Personal Metrics Will Increase Your Performance


Some of you might know that some guys and I are building a watch to count laps for swimmers (www.lapview.com). Our small team at Lapview spends lots of time thinking about ways to measure information so athletes can improve performance.

Personal metrics makes me think of the android character “Data” from Star Trek (pictured above). Data could sense a person’s blood flow and breathing rate and determine if they were friend or foe. How cool would it be if we knew our bodies that well! For instance, we could provide warnings to ourselves if we were about to ‘make a decision under duress’ or if we showed the vital signs of ‘love at first sight’. Maybe I’m reaching, and maybe I’m not reaching.

Now more than ever before, we have the technology to track many facets of human action:

  • laps swum per day (lapview.com)
  • resting heart rate
  • maximum heart rate
  • ejection fraction
  • anaerobic threshold
  • VO2 max
  • lung capacity
  • respiratory rate
  • body temperatures
  • blood pressure
  • visual acuity
  • auditory acuity
  • glucose level
  • blood-alcohol level
  • hemoglobin level
  • HDL level
  • LDL level
  • liver enzyme level
  • body mass index
  • lean body mass
  • body fat percentage
  • basal metabolic rate
  • glycemic index
  • estrogen levels
  • testosterone levels
  • sperm count
  • menstrual cycle
  • caloric intake
  • hours slept (Sleeptracker)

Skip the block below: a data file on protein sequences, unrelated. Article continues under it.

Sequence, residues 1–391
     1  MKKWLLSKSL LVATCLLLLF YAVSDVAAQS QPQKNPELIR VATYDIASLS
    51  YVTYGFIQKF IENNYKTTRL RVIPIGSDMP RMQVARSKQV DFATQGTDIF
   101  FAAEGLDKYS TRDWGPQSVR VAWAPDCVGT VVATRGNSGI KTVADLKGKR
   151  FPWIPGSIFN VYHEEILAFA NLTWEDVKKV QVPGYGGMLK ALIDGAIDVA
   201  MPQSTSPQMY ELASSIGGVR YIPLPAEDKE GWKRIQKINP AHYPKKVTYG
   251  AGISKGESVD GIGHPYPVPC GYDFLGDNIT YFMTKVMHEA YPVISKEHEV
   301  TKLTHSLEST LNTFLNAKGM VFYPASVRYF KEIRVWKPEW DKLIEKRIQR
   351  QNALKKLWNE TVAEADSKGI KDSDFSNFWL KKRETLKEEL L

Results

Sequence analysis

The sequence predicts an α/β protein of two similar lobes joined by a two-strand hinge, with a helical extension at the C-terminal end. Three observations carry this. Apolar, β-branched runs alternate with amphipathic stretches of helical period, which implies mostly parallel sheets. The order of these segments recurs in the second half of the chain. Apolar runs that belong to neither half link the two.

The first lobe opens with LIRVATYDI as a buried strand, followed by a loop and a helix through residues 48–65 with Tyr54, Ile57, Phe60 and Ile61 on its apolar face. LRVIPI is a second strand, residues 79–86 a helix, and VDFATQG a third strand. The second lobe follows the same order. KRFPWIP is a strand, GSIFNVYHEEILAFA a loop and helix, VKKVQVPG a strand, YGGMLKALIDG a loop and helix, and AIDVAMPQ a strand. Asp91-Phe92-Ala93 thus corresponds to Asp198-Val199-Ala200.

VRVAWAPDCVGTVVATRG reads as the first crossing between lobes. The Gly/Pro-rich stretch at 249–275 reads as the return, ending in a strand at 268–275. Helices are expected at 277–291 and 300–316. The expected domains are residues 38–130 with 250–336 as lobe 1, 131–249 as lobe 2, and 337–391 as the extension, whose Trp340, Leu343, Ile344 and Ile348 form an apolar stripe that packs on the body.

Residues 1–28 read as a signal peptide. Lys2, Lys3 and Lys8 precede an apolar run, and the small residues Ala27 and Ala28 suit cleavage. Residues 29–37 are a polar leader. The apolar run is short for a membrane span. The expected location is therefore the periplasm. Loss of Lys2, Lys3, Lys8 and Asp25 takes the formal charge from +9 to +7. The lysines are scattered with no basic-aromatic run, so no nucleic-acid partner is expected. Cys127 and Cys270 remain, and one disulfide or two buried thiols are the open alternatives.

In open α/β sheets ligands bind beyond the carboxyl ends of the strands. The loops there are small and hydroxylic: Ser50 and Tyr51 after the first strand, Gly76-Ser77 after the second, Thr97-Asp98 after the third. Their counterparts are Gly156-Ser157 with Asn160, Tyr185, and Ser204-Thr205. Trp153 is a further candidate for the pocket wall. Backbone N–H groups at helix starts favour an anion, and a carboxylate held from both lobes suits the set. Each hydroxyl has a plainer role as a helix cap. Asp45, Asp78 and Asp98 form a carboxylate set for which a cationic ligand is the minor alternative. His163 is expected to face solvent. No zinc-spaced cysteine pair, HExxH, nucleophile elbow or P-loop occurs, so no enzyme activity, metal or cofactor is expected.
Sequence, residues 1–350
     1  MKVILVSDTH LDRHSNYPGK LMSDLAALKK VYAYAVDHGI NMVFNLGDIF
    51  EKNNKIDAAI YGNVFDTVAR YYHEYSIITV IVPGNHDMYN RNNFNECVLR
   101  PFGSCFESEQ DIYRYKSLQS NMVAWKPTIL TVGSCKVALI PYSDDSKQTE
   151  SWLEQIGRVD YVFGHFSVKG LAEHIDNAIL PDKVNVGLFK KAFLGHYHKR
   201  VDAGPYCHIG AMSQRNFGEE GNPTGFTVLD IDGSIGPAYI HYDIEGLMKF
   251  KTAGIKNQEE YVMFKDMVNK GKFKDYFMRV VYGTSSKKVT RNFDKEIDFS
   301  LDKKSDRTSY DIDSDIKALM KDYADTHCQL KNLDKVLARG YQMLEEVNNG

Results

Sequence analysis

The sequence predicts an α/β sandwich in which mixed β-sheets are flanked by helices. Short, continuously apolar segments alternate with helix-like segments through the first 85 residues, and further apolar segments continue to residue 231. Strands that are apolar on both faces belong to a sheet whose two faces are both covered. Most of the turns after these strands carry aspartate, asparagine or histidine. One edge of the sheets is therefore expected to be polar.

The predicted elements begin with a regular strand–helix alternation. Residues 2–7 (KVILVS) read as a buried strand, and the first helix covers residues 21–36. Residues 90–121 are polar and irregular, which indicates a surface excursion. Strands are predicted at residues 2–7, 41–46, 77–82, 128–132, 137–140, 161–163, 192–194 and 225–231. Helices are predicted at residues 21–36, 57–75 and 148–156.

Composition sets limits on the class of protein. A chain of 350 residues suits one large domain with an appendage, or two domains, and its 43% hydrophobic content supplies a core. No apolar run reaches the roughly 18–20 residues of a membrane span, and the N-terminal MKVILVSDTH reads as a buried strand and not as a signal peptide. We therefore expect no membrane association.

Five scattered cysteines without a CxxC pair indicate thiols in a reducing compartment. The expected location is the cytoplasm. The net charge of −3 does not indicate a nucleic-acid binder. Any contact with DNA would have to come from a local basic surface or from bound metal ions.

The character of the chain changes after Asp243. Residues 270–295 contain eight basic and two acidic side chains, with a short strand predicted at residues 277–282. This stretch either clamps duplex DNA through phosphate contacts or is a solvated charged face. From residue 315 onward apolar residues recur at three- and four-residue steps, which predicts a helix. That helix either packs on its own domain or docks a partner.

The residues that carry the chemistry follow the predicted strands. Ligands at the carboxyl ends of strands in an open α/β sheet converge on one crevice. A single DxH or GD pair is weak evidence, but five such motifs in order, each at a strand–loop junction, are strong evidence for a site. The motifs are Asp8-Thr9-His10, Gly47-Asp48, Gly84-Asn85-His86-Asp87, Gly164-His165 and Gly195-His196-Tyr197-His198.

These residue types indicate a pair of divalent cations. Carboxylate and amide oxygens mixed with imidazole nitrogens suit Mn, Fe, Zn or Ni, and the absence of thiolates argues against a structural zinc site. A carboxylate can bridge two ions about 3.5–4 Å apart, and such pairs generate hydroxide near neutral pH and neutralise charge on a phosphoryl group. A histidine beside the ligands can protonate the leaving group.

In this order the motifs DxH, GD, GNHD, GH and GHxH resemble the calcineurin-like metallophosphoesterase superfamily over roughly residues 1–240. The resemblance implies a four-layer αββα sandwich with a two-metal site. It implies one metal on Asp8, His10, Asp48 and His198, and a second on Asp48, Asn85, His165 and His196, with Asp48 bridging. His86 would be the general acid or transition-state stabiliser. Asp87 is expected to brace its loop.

• calories burned per day (Bodybugg)
  • exercise duration
  • exercise intensity
  • lactate threshold
  • steps taken in day (pedometer)
  • miles run per day (Nike+)
  • hours sat per day
  • mood and stress
  • medication taken
  • hours worked
  • cigarettes smokes

Notice how many personal metrics we can measure, and how few products there are to measure these metrics. The marketplace is shockingly empty, even though we know that measurement improves performance. We know this because of the so-called Hawthorne Effect.

According to the Hawthorn Effect (or Observer Effect) people change their behavior often for the better when they are being observed. Personal metrics improve performance. YMCA found that their retention rate increased 10% when they recorded their members’ workout data. That is a huge difference in churn.

In summary, the tracking of personal metrics is revectoring technology innovation away from artificial reality and to physiological reality. Reality is more actionable and useful than artificial reality. I am personally very excited to be involved in this marketplace with Lapview.

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